It's been an awful year, but Attenborough made me grateful

It's been an awful year, but Attenborough made me grateful
Attenborough reminds us of our smallness in nature’s grander scheme. He gently informs us this planet is not all ours.
PHOTO: Silverback Films 2015

One of my favourite moments of the year involved a beetle doing yoga on a desert dune.

In the Namib desert in Africa, the darkling beetle's day begins with an ascent of a massive sand dune.

A tiny creature faced with a Himalaya-sized trek.

Undeterred, it marches on, its legs as skinny as a runner's, up towards the summit above which a fog from the Atlantic hovers.

When it gets there, the beetle inverts its body into a headstand and stands very still.

Then magic occurs.

No, wait, it is something more fantastic than magic, it is nature.

This is a planet about to do some of its very best work.

Droplets of water form on its shell as the fog condenses on its body.

Then slowly, using grooves in the beetle's casing, the water rolls into its thirsty mouth.

This is how life is sustained on earth.

Accompanying this scene unfolding on my television on a Monday night in the series Planet Earth II is a voice; a familiar voice which I first heard in 1979 when he made Life On Earth; a calming voice after a year of the hectoring, bragging tones of Trump, Hillary, Le Pen, Farage.

To listen to David Attenborough, 90, is to enter a meditative state.

In an awful year when we've been trampled by coarseness, and surrounded by suspicion, Attenborough and his BBC crew have redressed the balance slightly by offering us what we've perhaps forgotten: Wonder.

Starving lions design a trap for a giraffe in the desert sand and a small squadron of Harris hawks hunt in a sharp-taloned pack.

Male sandgrouses show paternal affection by making daily 195km trips to find water for their chicks while a baby iguana must outsprint a posse of snakes which are known as racers.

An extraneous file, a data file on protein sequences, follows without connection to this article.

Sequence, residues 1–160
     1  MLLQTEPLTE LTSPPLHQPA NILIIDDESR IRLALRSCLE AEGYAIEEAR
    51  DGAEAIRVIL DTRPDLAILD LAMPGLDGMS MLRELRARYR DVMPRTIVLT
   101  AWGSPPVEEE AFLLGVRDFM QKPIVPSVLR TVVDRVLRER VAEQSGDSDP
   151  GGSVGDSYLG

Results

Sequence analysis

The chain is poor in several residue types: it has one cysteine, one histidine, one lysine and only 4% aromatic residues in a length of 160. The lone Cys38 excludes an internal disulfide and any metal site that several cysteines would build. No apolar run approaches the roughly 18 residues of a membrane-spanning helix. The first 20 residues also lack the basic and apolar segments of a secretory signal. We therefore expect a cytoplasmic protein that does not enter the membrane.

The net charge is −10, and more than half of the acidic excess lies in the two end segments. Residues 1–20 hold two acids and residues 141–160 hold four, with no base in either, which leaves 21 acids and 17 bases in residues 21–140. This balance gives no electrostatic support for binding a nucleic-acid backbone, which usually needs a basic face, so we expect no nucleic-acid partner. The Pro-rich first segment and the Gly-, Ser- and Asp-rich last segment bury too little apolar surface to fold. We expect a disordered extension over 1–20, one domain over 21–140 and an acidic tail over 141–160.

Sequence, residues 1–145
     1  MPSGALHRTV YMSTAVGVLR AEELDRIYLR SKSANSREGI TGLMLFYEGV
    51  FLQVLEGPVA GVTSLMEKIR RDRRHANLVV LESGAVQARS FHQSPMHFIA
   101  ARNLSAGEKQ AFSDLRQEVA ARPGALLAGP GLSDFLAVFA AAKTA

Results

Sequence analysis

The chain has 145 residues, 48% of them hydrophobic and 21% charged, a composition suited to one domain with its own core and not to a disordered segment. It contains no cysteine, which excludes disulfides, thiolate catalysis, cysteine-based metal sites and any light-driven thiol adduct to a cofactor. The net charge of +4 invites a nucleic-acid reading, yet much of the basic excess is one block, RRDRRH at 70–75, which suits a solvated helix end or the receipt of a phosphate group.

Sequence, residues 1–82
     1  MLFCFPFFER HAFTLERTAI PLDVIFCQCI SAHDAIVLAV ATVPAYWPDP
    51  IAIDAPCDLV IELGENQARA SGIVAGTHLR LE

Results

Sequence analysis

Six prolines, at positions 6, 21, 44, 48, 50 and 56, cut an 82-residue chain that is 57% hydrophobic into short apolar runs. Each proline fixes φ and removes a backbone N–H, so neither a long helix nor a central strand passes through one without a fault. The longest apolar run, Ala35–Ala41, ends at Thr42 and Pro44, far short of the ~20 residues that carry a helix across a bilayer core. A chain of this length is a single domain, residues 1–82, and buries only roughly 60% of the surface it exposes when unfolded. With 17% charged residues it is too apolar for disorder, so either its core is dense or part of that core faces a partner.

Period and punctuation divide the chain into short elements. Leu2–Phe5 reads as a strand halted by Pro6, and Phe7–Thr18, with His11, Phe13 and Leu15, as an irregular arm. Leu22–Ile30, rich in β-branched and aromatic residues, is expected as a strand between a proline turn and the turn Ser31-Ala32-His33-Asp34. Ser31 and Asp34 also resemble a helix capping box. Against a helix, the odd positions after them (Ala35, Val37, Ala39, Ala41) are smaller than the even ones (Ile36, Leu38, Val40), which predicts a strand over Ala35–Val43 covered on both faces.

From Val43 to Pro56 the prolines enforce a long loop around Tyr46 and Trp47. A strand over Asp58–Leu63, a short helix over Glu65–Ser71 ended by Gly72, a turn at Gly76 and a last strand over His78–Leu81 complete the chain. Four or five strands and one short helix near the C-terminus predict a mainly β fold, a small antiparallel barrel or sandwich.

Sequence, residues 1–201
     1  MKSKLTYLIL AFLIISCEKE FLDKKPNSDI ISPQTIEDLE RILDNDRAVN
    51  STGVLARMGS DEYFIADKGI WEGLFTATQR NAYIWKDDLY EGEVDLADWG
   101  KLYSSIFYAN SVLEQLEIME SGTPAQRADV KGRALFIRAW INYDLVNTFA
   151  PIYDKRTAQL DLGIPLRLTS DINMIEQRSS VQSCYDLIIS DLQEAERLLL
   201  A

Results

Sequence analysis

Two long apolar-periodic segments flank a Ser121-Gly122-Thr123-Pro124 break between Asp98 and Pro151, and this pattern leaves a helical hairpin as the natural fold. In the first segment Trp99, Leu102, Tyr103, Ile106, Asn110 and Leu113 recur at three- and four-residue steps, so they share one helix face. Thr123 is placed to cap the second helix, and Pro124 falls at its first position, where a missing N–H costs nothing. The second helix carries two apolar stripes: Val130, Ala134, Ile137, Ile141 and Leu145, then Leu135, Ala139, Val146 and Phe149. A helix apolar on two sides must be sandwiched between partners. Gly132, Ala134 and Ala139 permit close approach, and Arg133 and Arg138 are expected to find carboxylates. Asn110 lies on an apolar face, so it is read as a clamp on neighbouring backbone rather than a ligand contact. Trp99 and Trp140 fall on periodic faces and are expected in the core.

Flamingos in the Andes stand in lakes that freeze in the night and defrost in the morning sun.

Carefully they walk on thin ice, like women in high heels on a wet floor, and then collect for a courtship dance.

If you haven't seen any of this, you've missed something remarkable - television where nothing is ugly and no conversation is patronising.

In our urban worlds we've grown increasingly dismissive of any voice dissimilar to our own and deaf to the experience of those whose colour, sex, religion, citizenship doesn't fit our tribe.

We advertise our differences but Attenborough finds links, he shows us a bigger picture, he - even if it sounds a bit hokey - reminds us of our smallness in nature's grander scheme.

I needed this in a year where even god has been revealed as owning a warped sense of humour: We need Gandhi, he gave us Trump.

Of course, had the great Mohandas Gandhi been around, cynics would have taken just 140 scoffing Twitter characters to reduce him to an overrated fakir. Brevity may be the soul of wit but hardly the stuff of substance.

Prejudice now is worn almost like a triumphant badge and bigotry easily finds an echo on social media.

There's always someone equally small-minded out there. What brilliant technologies we have created to transmit ignorance and suspicion.

In Denmark, a retired gent tells the New York Times how immigrants have changed him: "I've become a racist."

There, as simple as that.

The earth on which we stand is cracking. Even Aung San Suu Kyi is not the saint we drew her as.

It has become acceptable to talk preposterous nonsense under the cover of not being politically correct.

Apparently this is bravery. We cluck over photographs of dead Syrian boys on a beach and then empathy dries.

It's easier to see the refugee as something dirty and dangerous the tide swept in.